Makefiles are machine-readable documentation that make your workflow reproducible.

The beauty of Make is that it’s simply a rigorous way of recording what you’re already doing. It doesn’t fundamentally change how you do something, but it encourages to you record each step in the process, enabling you (and your coworkers) to reproduce the entire process later.

I've been using Make like this on and off since my PhD. I could generate my whole thesis -- analyses and pictures -- just by typing "make". It would download required files, run analyses, create the pictures (B&W or color, depending on an environment flag), and run LaTeX to create a beautiful PDF.

Hello, I am a compiler.

Hellо, I am a compiler.

I just scanned thousands of lines of code while you were reading this sentence. I browsed through millions of possibilities of optimizing a single line of yours using hundreds of different optimization techniques based on a vast amount of academic research that you would spend years getting at. I won't feel any embarrassment, not even a slight ick, when I convert a three-line loop to thousands of instructions just to make it faster. I have no shame to go to great lengths of optimization or to do the dirtiest tricks. And if you don't want me to, maybe for a day or two, I'll behave and do it the way you like. I can transform the methods I'm using whenever you want, without even changing a single line of your code. I can even show you how your code would look in assembly, on different processor architectures and different operating systems and in different assembly conventions if you'd like. Yes, all in seconds. Because, you know, I can; and you know, you can't.

P.S. Oh, by the way you weren't using half of the code you wrote. I did you a favor and threw it away.

A satellite’s view of ship pollution

For more than a decade, scientists have observed “ship tracks” in natural-color satellite imagery of the ocean. These bright, linear trails amidst the cloud layers are created by particles and gases from ships. They are a visible manifestation of pollution from ship exhaust, and scientists can now see that ships have a more subtle, almost invisible, signature as well.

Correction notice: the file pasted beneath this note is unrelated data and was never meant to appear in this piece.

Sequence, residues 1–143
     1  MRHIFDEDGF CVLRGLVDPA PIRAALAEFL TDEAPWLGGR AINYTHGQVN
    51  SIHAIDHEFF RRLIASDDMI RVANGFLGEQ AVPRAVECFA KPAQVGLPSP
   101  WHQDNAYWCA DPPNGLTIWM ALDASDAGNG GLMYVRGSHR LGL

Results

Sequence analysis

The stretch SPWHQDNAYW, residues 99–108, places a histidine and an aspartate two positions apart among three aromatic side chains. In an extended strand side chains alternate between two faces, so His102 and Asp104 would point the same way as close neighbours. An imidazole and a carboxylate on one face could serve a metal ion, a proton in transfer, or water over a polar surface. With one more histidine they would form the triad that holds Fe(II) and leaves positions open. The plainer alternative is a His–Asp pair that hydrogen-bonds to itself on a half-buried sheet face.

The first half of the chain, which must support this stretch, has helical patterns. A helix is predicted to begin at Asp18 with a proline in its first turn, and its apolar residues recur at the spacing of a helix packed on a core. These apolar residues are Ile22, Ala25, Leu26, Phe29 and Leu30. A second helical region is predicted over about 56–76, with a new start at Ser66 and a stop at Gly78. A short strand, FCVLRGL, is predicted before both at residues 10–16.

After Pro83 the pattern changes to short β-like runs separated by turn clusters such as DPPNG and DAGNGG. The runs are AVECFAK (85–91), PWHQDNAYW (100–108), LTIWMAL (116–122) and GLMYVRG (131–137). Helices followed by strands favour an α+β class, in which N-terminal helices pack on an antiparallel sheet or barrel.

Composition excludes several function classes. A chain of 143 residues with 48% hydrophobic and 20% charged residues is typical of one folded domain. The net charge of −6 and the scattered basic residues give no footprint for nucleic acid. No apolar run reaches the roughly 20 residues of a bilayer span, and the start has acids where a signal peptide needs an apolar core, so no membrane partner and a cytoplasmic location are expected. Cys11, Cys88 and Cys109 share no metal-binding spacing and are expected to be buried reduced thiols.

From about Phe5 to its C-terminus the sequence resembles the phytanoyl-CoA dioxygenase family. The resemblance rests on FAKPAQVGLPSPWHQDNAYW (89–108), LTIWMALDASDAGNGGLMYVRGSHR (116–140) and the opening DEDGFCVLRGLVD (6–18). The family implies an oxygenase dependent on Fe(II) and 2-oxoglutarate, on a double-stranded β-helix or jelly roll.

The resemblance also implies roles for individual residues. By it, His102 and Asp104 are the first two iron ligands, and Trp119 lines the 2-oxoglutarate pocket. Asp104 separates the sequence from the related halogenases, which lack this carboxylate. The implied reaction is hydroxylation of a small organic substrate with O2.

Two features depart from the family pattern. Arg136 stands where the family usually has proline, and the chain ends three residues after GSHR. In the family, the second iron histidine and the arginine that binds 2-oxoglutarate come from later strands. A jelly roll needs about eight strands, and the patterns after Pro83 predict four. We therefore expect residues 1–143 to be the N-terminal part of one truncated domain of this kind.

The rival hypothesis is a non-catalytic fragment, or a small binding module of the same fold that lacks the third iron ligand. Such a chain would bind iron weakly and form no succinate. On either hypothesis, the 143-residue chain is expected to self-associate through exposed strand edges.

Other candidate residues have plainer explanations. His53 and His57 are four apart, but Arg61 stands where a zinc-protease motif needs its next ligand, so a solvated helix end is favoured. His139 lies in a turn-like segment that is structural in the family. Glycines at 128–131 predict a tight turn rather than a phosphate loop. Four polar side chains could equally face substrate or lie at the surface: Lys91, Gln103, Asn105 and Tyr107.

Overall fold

In 2009 I went to a summer school in Corsica, and one of the coolest things I did was measuring the concentration of NO2 in the atmosphere. We plugged a USB radiometer to a laptop, measured light at different angles, and from that we could know the concentration of NO2 -- we knew the sun radiation spectrum at the top of the atmosphere and the absorption signature of NO2, and from that it was just math.

We measured the concentration of a gas kilometers away using light. Light! Science is awesome.

Would penguins survive in the Arctic?

The original “penguin” was in fact the late great auk (Pinguinus impennis), once found in vast numbers around northern shores of the Atlantic.

Although no relation to southern hemisphere penguins, it was very similar in appearance, and filled much the same ecological niche as penguins, particularly the king penguins of the subantarctic region.

via Ian Bicking's G+ post:

A world before WSGI and Numpy

One problem at the time was that the Python web ecosystem was a mess: there was no WSGI, so the first version had 3 different interfaces: one for running it as CGI, another for Twisted, and a third one that I don't remember. Another problem was that there was no Numpy at that time. There was Numeric, the original Python array library, but it was slow with large arrays; and there was Numarray, created some time after, which was slow with small arrays. So I supported both at the time. In a sense I think this was good, because Pydap was very modular from the start. 

Me, talking about the history of Pydap to OceanDrivers. I surely don't miss these times.

RealClimate: 2012 Updates to model-observation comparions

The conclusion is the same as in each of the past few years; the models are on the low side of some changes, and on the high side of others, but despite short-term ups and downs, global warming continues much as predicted.

"Global warming continues much as predicted". I was asked earlier this week about global warming and if it was real, I gave a long elaborate answer with a "TL;DR: Yes."